Those links are informative, but they do not indicate how nice the rifle is to shoot. The new stock is effective reducing recoil a bunch. Biggest thing is the ease of cleaning - five minutes or so now. Breach plug removes easily, stays clean as you shoot it because of the gas rings. I was invited to the factory and shot it a bunch, it is an amazing muzzleloader. New method of cleaning the threads inside the breach, new method of lubricating the breach plug - outting lube inside on the threads in the barrel, rather than on the plug, new ramrod with a built-in "t" handle for good grip if you stick a patch, new longer flame channel, no need for "special" 209's, hammer swings to left or right to give excellent access under a scope, new scope mounts, swivel studs are moled into the stock, soft cheekpiece and finger grooves, limbsaver pad. No .45, get the .50 because that is where the bullet development is going.
It is a very nice rifle. I am going to hunt with it in a couple of weeks, then do a bunch of test shooting. Going to be interesting.
Good luck with your decision - I believe that the ProHunter is a very significant milestone in the development of in-lines. Plus the one that I shot was shooting superb groups at 100 and 200 yards with 250 Shockwaves. Maybe having the President and G.M. of T/C loading for me was why the rifle shot so well!!! Shot 30 shots, twisted the breachplug out with one movement, cleaned the breach plug with one patch, put it back into the rifle. That is nice and easy muzzleloading.
Shot it with a .280 barrel and it was very accurate, no targets, just beat the heck out of a bunch of small rocks at 200 yards. Kicked about like a .243. Shot a .308 handgun and it gave me two bloodblisters, no idea how to hold the sucker correctly, lots of noice and kick with that little bruiser.
X7 has a shorter barrel, carries and points like a carbine. Very nice rig, modeled after the Model Seven Remington rifle for handling.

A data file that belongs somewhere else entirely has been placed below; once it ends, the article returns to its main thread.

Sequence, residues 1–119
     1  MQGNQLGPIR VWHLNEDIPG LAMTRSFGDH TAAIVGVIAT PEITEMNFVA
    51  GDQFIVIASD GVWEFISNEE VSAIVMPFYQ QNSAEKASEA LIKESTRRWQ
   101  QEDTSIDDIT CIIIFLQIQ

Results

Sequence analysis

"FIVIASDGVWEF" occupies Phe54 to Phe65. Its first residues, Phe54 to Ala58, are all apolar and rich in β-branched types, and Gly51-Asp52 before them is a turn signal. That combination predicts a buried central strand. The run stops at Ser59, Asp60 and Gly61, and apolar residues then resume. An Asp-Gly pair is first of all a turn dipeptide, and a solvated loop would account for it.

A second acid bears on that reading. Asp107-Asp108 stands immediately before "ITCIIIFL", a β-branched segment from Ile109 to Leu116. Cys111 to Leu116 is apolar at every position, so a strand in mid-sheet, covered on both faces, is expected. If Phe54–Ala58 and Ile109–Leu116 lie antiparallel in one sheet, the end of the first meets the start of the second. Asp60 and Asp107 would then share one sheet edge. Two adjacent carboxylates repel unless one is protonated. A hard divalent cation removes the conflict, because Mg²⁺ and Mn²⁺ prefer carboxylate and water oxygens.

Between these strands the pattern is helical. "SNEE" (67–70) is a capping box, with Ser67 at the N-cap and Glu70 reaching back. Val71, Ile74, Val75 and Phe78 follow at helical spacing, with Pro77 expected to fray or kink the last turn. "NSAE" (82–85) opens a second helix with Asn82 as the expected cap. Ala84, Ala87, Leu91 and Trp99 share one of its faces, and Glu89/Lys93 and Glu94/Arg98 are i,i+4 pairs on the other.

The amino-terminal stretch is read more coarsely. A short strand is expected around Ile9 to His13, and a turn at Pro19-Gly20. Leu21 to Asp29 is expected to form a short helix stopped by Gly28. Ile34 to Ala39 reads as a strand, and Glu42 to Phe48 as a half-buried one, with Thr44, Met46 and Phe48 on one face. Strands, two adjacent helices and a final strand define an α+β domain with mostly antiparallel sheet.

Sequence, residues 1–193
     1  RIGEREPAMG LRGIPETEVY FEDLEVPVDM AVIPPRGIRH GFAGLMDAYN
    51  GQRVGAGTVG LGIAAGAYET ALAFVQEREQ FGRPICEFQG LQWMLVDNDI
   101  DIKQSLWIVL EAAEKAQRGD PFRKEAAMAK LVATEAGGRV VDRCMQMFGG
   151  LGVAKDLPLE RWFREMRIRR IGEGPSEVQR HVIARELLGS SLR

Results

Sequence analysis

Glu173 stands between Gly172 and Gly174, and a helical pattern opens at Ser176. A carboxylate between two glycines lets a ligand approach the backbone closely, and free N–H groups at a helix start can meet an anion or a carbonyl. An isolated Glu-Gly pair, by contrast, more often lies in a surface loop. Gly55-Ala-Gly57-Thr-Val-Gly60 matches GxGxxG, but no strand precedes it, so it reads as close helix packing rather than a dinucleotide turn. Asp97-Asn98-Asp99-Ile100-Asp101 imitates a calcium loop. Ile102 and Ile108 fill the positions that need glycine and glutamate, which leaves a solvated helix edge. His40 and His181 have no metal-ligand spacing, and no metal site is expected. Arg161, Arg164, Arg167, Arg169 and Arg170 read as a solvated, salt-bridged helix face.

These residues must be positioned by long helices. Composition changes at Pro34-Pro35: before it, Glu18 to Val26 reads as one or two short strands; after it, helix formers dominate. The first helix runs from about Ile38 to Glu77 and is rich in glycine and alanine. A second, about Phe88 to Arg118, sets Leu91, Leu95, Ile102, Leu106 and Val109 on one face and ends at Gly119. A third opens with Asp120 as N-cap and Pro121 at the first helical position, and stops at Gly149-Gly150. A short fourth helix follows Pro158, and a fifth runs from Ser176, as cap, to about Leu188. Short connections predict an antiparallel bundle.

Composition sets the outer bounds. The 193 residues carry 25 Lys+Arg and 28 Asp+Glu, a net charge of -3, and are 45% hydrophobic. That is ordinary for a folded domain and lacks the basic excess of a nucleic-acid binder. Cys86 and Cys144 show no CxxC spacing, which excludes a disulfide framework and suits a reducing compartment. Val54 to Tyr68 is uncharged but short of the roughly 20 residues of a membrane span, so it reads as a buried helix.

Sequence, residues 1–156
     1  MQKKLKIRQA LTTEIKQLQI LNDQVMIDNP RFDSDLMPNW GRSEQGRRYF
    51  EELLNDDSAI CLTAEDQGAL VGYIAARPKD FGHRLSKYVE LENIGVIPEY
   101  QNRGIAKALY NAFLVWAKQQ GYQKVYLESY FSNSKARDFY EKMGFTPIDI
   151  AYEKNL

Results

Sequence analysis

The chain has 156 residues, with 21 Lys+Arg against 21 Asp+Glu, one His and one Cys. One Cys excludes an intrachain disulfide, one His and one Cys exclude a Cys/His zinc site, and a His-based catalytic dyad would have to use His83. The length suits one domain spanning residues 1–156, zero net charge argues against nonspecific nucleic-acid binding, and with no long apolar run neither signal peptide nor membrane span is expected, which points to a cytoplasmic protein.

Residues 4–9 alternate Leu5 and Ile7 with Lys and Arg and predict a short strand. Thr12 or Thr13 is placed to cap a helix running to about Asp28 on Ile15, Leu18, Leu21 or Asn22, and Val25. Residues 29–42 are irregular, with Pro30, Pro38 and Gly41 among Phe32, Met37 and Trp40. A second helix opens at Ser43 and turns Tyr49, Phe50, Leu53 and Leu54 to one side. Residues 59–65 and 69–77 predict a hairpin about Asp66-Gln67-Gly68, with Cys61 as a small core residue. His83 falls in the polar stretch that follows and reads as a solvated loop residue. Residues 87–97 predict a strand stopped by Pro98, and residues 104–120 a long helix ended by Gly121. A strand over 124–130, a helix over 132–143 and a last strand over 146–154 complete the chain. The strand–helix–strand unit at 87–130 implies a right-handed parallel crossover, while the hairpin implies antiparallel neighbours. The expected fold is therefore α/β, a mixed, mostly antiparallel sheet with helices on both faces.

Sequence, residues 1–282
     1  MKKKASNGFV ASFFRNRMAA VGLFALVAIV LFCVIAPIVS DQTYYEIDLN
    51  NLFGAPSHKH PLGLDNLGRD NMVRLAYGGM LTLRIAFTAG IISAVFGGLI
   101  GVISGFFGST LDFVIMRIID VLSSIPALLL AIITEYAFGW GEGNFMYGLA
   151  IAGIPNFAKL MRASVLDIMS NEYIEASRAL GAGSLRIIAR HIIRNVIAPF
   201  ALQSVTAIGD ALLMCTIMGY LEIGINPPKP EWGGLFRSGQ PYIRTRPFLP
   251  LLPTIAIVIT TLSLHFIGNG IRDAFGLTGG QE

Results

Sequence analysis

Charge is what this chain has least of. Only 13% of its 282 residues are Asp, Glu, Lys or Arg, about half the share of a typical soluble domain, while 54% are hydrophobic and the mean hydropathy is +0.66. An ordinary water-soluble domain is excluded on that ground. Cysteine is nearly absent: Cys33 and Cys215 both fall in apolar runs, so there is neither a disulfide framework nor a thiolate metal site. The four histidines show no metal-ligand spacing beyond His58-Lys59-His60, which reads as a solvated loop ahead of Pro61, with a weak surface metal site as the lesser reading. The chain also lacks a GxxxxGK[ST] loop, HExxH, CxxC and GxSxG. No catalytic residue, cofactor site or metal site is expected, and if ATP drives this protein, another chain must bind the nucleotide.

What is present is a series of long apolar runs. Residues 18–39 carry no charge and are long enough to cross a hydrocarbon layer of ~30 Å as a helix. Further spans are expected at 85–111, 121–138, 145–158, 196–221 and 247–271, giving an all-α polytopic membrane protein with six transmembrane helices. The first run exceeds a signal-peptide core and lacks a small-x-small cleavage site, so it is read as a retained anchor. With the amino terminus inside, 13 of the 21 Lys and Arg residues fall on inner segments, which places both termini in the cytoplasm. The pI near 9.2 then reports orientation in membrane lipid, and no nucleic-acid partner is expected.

Ian, thanks for the input but puzzled and have a few more questions please.
I believe it was the beginning of last year you were playing with the black powders and were working on some load developments with powders, bullets, and playing with the wind. And I thought you said the best choice for long range and accuracy was to go with the .45. But now your saying to go with the .50 because of bullet selection?
Also maybe you might know, and then again maybe not but why do they always make stuff in stainless but not in chrome molly steel? I thought chrome molly steel was stronger and would not gull like stainless. If that is true then why would they want to make a hinged gun that has a high ware spot which is at the pin in stainless? Just wondering, as TC does it a lot they make something special then they only make it in stainless. Would you have a guess why. I only ask as you have had the opportunity to talk and rub elbows with them and I thought maybe you may have heard something.
As good as some of the .45's were for deer they did not sell. As good as chrome moly is for making rifles it does not sell like stainless. The consumer makes some of these decisions since the bottom line is selling guns. The manufacturers have pretty much decided that the .45, .54 and .52 have not sold well enough to justify including in the newest rifles being offered, like the new ProHunter, Remington and guns from CVA and Traditions. That is not to say there is anything wrong with them, just that the .50 is outselling them by a significant margin. That is why the new developments in bullets are in .50 cal. (and the ones that nobody knows about are also in .50 and they are really slick).
I had a .45 that shot very well, it followed a good old buddy home to Alberta last year and he is enjoying it a lot. When I get an inline for my own use I always take a plain-Jane blued with black stock since I that is my favorite. If the rifle has to be stainless, no biggie since there is virtually no difference in the two - stainless rusts about like chrome moly but just looks different when it oxidizes. At least that is my experience with having a few guns get rusty over the years. "Stainless" is only a word, it is not nearly the property we would like to think it is.
I have an Encore that is on its second trigger assembly right now and the pin is still nice and snug. Have shot many thousands of shots through Encores without having an problems with loose pins, nor have I heard of any so far. The current Encores have significantly better tolerances in the receivers than they did a few years ago due to a brand new CNC machine in use now.
Hey, can't a guy change his mind without you guys referring to a past statement [img]/ubbthreads/images/graemlins/smirk.gif[/img] [img]/ubbthreads/images/graemlins/cool.gif[/img] You startin' to treat me like I am one of those pesky gun-writers or somethin'.